After acknowledging his need for a mentor and teacher in order to move forward with his shoe making, Reid attended Marcell Mrsans (Master shoemaker and owner of Koronya shoes) 5-week workshop in Budapest. He now splits his time between JD’s Shoe Repair and his own bespoke shoe brand. He is based in Portland, Oregon.
The construction is English welted, which is what the Goodyear machine was created to mimic. One problem about welting machines machine is that the needles cannot change direction, so two threads are used. When the welt is done by hand, there is one thread with two needles, one attached to each end, therefore creating a much stronger welt. Also, machine welts do not use a leather insole but instead use synthetics which is one of their greatest downfalls.”
The lasts used are Mexican made plastic lasts, invidualized for each customer.
Reid generally uses JR Rendenbach soles, which are made in Germany. The Rendenbach leather spends up to 9 months bathing in oak tanning fluid, resulting in a very breathable, very durable sole. The inlaid wool is an English cashmere from B. Black & Sons in Los Angeles. Reid is currently making shoes starting at $700.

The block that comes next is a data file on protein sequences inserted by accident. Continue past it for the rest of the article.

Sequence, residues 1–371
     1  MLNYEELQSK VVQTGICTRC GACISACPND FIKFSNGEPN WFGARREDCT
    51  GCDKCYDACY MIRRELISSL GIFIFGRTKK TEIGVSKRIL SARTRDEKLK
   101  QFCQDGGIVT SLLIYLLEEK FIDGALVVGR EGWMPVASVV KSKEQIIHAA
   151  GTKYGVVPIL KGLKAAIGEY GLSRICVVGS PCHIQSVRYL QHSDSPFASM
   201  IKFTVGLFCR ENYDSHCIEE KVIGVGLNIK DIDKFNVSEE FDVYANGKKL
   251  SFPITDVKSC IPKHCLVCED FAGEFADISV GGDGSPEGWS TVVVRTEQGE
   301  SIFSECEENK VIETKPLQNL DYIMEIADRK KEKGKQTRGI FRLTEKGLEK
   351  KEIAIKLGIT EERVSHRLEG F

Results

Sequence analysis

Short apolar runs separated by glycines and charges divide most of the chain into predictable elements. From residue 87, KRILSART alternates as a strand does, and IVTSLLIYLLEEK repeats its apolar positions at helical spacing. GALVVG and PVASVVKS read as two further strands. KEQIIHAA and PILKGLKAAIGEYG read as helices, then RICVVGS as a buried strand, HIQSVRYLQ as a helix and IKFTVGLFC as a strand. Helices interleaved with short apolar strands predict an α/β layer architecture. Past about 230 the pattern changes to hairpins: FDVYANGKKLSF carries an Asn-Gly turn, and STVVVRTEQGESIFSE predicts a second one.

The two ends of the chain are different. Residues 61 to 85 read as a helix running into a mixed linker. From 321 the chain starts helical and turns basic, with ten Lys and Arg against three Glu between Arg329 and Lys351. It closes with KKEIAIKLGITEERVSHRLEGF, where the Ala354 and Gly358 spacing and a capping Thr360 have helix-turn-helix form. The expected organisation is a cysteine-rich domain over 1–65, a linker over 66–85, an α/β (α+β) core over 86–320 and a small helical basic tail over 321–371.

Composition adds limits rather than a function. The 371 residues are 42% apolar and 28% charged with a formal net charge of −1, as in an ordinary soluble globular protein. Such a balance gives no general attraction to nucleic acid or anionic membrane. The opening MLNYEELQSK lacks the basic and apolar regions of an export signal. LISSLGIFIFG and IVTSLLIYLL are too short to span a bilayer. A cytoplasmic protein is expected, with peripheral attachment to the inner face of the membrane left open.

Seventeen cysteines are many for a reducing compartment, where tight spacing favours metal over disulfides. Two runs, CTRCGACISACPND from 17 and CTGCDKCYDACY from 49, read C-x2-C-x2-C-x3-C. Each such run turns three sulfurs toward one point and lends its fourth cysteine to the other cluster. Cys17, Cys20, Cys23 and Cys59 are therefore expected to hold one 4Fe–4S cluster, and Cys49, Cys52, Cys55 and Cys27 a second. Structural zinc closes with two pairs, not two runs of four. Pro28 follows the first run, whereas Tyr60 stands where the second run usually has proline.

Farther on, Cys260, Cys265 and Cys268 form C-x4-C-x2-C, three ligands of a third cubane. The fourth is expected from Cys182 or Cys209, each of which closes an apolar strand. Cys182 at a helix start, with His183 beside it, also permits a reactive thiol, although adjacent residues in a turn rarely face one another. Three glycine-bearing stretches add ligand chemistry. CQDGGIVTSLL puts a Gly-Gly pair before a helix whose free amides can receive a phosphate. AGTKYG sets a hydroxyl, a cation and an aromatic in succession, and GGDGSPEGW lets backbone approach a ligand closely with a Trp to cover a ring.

After the initial meeting, Reid develops a unique "last" for each client based on their feet and style preferences. He then makes a pair of trial shoes to be worn by the client for several weeks. Finally, only after discussing the trial shoes with the client to ensure the perfect fit, does Reid make the final pair of shoes. Those shoes are hand-welted and even the soles are handsewn; the result is a functional work of art, made to last. The process takes approximately six months, and shoes start at $2,300, boots at $2,800.
San Valentino, Sarno, Italy
Hand Welt, Goodyear welted.